My film producer friend Josh Buoy and I talked recently about the power of video storytelling for universities: A well-told video story animates the discovery, learning and inspiration that happens every day in our institutions. Videography can help us connect with the subject matter in a more human and more personal way. Film shows us, not tells us about, a university’s transformational power and impact. Here are a few examples:
University of Michigan historian Martha Jones and her colleagues had a vision: As part of the university’s bicentennial celebration this year, Michigan would confront some of the institution’s most challenging issues and difficult moments.
The result is last week’s dramatic pop-up art exhibit called “Stumbling Blocks,” featuring seven installations marking less visible – and sometimes deeply troubling –U-M stories one might not expect to find during a 200-year anniversary party.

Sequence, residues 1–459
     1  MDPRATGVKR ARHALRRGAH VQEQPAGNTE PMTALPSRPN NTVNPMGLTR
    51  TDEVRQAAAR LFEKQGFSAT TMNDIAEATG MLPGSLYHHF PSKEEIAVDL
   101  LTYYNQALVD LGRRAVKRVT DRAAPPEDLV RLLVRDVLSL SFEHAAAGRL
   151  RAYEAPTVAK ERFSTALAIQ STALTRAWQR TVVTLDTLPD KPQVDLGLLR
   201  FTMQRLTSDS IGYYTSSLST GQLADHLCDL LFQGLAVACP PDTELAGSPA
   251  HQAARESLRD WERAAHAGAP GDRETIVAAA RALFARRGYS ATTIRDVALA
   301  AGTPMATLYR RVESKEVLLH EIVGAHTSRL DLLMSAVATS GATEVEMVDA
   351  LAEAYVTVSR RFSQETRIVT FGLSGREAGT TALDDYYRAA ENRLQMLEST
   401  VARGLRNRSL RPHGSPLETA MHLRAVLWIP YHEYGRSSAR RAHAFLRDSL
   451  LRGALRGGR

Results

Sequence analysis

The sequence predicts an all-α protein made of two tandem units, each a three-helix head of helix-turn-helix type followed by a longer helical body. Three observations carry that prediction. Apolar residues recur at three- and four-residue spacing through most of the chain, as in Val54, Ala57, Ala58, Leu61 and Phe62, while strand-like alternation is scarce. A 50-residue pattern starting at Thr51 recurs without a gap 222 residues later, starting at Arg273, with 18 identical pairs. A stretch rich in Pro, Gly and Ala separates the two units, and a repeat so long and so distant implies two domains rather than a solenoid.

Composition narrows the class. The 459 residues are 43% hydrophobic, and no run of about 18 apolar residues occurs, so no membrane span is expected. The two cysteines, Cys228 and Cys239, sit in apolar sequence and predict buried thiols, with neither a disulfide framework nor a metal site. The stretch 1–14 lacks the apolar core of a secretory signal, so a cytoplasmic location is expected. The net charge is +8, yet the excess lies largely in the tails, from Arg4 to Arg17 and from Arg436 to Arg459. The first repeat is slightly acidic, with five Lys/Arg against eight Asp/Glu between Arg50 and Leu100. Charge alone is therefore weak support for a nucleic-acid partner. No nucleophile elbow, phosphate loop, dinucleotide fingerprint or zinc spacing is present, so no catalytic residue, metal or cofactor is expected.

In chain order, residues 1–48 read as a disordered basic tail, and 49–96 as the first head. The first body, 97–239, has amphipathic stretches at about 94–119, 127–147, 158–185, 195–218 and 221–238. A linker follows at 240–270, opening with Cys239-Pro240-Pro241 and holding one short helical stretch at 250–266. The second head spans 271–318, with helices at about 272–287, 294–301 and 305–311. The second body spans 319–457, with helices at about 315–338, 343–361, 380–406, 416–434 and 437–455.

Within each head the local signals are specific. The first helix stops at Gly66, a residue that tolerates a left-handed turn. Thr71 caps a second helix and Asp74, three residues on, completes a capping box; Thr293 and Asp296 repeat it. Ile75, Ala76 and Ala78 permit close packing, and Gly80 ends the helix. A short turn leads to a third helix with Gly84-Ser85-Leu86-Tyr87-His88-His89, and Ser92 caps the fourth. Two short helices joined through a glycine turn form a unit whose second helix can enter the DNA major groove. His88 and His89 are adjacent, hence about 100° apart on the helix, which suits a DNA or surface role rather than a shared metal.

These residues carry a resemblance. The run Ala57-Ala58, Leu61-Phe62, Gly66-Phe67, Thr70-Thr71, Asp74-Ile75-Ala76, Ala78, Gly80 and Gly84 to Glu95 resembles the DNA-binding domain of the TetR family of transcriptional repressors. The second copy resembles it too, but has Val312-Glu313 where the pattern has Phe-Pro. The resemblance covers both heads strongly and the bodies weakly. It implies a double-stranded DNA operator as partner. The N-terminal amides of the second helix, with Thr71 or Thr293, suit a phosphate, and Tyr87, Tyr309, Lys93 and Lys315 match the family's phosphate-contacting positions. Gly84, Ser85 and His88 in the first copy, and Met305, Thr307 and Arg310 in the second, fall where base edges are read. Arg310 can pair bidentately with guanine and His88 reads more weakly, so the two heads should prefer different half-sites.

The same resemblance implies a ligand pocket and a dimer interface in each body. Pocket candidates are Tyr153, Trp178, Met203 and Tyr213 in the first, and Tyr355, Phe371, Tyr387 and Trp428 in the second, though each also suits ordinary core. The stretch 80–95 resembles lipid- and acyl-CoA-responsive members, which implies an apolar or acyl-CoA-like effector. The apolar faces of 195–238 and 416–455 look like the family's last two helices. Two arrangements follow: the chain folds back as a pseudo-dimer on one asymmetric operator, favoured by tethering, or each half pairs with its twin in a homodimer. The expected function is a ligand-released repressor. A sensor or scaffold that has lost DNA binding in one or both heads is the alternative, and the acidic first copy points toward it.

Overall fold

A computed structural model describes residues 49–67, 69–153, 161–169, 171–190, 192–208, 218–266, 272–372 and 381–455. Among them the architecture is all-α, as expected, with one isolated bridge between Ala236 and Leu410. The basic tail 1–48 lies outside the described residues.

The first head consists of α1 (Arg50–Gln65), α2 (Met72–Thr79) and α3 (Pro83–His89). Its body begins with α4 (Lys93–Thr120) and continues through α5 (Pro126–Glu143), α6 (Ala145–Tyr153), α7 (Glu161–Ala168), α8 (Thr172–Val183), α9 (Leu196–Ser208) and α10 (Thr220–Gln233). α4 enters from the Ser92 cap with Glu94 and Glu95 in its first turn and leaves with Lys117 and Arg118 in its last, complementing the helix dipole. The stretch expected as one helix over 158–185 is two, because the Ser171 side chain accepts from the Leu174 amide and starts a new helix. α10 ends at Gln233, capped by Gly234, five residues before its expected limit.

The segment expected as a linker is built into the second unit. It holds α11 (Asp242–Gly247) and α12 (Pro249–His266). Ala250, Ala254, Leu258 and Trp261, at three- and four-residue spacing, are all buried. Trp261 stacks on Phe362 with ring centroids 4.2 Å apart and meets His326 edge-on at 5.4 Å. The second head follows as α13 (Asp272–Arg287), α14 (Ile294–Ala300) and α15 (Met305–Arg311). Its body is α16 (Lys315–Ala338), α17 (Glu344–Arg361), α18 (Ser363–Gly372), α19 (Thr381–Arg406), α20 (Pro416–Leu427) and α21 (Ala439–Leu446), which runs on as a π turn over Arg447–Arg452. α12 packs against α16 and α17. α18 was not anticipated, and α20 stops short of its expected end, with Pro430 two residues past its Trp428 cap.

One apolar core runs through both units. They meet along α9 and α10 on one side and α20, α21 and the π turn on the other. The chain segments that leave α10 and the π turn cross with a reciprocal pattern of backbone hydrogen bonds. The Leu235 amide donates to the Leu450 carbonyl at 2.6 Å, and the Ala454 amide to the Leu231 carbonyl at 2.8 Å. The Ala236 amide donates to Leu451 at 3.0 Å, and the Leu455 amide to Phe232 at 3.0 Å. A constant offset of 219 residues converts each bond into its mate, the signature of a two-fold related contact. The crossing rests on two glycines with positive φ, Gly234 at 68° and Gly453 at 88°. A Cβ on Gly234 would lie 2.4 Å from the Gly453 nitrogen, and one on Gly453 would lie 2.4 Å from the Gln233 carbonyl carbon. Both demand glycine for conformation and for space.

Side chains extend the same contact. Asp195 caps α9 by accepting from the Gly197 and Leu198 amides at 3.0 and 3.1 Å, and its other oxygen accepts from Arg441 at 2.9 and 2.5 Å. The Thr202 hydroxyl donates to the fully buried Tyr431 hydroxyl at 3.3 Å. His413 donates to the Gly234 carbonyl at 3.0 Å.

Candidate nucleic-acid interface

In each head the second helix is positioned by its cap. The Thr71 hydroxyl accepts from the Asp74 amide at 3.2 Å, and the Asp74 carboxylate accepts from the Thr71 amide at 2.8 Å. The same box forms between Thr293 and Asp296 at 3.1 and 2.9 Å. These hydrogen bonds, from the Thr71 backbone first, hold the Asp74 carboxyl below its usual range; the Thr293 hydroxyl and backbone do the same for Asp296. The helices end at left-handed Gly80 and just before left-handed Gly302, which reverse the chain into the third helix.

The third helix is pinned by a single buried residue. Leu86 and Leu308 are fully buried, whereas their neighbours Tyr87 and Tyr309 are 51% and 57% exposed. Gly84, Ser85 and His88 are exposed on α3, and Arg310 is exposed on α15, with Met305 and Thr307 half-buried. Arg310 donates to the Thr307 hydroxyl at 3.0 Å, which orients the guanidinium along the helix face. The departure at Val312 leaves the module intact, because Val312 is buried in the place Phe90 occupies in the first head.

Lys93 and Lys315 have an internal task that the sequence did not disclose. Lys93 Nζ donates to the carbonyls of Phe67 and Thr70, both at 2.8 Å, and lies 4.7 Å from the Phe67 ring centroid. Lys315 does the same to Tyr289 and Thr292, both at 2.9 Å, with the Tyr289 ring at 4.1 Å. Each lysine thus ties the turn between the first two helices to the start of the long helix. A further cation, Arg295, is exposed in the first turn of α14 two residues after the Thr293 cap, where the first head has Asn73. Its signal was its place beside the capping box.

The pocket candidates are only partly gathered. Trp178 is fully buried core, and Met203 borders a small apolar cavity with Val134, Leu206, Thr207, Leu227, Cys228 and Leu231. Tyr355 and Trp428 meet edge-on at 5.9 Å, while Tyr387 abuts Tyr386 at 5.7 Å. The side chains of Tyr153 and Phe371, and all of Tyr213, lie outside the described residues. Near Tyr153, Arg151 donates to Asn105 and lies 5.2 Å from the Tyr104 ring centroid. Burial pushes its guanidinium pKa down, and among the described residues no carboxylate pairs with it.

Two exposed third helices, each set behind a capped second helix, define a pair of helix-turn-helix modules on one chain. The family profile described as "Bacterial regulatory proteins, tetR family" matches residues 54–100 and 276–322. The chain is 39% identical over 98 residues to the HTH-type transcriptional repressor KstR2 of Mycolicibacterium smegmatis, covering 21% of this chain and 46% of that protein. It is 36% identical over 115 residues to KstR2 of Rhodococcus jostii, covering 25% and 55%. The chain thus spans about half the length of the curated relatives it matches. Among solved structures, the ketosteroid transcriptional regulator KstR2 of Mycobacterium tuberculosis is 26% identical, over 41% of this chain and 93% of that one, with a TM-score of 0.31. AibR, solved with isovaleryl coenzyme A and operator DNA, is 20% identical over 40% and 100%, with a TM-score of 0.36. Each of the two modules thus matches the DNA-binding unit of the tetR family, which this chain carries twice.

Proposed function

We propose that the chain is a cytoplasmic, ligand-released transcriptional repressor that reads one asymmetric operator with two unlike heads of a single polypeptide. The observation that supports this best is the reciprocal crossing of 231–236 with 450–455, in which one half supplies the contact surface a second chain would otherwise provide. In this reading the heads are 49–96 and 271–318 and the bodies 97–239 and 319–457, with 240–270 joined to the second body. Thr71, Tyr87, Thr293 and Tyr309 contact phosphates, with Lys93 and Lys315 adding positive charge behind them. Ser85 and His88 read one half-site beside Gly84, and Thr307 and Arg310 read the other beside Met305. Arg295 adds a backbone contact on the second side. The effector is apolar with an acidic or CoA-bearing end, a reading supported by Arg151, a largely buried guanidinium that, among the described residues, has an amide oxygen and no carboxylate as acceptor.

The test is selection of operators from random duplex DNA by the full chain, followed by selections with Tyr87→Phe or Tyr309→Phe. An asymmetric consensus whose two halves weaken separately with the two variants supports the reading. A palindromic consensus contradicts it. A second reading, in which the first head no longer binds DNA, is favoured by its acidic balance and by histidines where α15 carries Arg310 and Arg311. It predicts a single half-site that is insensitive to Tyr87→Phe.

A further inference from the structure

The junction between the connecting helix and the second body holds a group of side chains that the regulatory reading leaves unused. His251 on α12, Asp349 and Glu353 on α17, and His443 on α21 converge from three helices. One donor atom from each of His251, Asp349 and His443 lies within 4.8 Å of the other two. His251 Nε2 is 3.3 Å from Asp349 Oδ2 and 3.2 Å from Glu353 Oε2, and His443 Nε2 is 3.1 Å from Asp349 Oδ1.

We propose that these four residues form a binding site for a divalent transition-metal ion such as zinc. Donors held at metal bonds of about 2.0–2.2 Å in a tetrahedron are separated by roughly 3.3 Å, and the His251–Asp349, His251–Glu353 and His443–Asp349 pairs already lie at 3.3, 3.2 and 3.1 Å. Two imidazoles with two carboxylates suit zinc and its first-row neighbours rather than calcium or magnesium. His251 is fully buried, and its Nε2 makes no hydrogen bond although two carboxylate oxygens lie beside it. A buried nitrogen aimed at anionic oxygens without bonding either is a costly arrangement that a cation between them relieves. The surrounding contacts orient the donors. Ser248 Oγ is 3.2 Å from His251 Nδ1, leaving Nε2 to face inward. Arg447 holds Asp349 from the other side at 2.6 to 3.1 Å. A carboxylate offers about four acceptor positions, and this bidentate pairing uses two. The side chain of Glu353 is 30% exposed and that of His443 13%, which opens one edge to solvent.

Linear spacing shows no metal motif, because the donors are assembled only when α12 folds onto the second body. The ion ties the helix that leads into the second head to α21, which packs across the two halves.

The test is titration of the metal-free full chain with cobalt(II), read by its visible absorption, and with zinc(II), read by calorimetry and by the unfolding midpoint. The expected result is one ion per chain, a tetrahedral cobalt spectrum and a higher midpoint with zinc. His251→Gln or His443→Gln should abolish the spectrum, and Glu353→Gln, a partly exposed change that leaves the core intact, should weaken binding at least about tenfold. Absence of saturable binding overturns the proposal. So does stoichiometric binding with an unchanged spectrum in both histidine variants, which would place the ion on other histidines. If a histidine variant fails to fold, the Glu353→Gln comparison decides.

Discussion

On March 8, the University of Michigan men’s basketball team along with the cheerleaders and pep band members were all on their way to the Big Ten tournament when the unthinkable happened. Their chartered plane, just clearing the ground during takeoff, was caught in high winds. It came down hard and skidded off the runway.
Growing up “downriver” of Detroit, she was emancipated at 15. She had no health insurance, no dental insurance, and no home address – because she had no permanent home back then. During her early days in college, she worried what would happen when the academic year wrapped up. Students couldn’t stay in the residence halls over the summer months.
When my partner and I are hired to provide external assessments for college and universities, we are asked to offer objective perspective on in-house organizational structures, expenditures and effectiveness –based on our many years of experience and knowledge of the industry.
It’s a good idea, and here’s why: